Wakatobi, one of the next diving hot spots, is an acronym for the islands of the Tukangbesi Archipelago, the four main islands being WA-ngi- Wangi, KAledupa, TOmia and BInongko. The islands form a north to south chain to the southeast of the main island of Sulawesi. To the northeast, they are bordered by the Banda Sea and the Flores Sea to the southwest. The Wakatobi islands have been a marine conservation area since 1996, and in 2002, they were declared a National Park, which encompasses the reefs around the islands, the mangrove forest, the lowland and coastal forest and the rainforest. The islands are stereotypically picture perfect with white sand, palm-fringed beaches, tropical clear water and beautifully diverse flora and fauna.

There are two main diving destinations in Wakatobi. The first (and most pristine) is around Tomia Island, including the islands of Onemobaa, Sawa and Lintea. The second is around Wangi Wangi Island, including the islands of Kaledupa and Hoga.


Getting There: Flights from Bali to Wakatobi

The most common route is to take a flight from Bali to Wakatobi. There is an airport on Wangi-Wangi Island (Matahora Airport) which is serviced by flights from Makassar, which can be reached from either Jakarta or Bali International Airport and internationally from Singapore’s Changi Airport. If you are diving the Wangi Wangi region, it is just a short boat or car ride to your destination. If you are diving around Tomia, there are public boats leaving Wangi Wangi every morning to Tomia Island. Alternatively, it is possible to charter a private boat.

Wakatobi Resort’s private air charter provides a direct flight from Bali to Wakatobi for an additional charge. Flights from Bali to Wakatobi Resort are currently scheduled on Mondays and Fridays.

Although taking a flight from Bali to Wakatobi is relatively easy, they are not frequent and advance booking for both flights and diving is strongly recommended.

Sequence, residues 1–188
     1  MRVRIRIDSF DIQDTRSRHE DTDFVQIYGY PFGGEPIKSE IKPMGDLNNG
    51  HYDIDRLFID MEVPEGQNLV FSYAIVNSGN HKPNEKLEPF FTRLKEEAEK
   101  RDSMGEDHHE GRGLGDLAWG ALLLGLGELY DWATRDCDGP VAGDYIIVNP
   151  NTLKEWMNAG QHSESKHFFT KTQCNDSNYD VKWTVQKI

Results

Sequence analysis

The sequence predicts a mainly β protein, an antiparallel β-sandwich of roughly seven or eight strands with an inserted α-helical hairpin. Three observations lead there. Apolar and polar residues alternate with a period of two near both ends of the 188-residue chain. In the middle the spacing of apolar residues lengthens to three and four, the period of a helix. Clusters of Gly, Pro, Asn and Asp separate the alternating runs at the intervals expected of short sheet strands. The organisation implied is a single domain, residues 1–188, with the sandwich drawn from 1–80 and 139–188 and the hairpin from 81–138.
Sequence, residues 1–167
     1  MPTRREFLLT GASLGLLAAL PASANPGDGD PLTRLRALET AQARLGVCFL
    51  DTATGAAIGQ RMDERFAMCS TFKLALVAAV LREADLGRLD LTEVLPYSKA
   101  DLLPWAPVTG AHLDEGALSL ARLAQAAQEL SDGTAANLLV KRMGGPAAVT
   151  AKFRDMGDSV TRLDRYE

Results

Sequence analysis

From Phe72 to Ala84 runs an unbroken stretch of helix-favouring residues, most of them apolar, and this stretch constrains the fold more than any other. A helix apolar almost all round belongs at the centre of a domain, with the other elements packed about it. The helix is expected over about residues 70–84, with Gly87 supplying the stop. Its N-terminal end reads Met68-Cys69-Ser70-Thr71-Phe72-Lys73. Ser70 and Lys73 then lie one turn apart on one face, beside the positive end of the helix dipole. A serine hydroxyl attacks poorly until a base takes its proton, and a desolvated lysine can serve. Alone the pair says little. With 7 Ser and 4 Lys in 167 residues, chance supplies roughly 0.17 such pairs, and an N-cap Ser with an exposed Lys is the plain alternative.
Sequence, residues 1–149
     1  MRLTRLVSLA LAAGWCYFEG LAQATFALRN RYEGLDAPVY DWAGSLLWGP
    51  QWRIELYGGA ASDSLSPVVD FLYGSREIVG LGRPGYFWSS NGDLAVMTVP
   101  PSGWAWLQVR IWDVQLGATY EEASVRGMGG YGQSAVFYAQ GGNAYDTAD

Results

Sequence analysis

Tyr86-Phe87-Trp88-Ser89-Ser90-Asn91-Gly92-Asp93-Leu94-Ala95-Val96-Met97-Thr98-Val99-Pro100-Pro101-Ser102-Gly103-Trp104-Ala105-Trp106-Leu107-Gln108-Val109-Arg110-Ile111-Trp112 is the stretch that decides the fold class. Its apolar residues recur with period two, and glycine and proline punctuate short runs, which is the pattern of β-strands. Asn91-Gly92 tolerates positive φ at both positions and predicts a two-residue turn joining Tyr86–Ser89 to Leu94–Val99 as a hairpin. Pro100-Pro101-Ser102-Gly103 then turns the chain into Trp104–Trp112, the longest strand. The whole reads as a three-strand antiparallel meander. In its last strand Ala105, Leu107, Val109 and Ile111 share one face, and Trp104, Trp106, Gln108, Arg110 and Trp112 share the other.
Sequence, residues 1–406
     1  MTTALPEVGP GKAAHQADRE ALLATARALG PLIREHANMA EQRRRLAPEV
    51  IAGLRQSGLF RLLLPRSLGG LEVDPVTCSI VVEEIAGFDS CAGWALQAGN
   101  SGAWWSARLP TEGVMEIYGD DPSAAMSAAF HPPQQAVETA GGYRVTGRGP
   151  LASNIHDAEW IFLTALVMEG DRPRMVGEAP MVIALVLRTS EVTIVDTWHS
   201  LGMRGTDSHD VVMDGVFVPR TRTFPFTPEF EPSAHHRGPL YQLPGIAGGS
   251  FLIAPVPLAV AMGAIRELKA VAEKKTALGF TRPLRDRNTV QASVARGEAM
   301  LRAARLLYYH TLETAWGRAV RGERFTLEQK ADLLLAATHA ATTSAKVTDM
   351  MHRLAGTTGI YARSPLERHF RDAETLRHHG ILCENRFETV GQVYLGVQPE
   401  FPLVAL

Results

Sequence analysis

a guide to diving in wakatobi

Wakatobi Diving Seasons

Annual water temperatures average 28 – 30 degrees Celsius (82 – 86 degrees Fahrenheit) with a cooler period from July to September when temperatures can drop to 26 degrees Celsius (79 degrees Fahrenheit), ensuring coral health and no bleaching effects. The wet season runs from December to February with annual rainfall less than in other parts of Indonesia. As there are no rivers washing out, visibility remains consistently good, averaging around 30 meters (100 feet) year-round.


Wakatobi Diving Conditions

Wakatobi has generally mild currents, good visibility and most sites can be dived at any depth. Reefs are a mixture of fringing reefs, barrier reefs and atolls with some excellent shore diving opportunities in addition to boat dives going further afield.

Wakatobi has sites suitable for all levels. Currents generally range from nothing to medium strength, but some pinnacle sites have stronger currents. There are numerous deep opportunities, too.

Diving in the Wakatobi National Park, world-class pristine reefs, stunning wall dives and abundant marine life, particularly in the Tomia area. Turtles, rays, sharks and a whole host of critters, quiet dive sites and good visibility.

Equipment hire is available from most operators, as are courses which should be booked in advance. Nitrox is available – if you are not yet Nitrox certified, check out the PADI Enriched Air Specialty Course online. Furthermore, currents are mild, but an SMB is advisable for boat pickups. With few operators in the region, dive boats are few and far between and divers often have sites to themselves.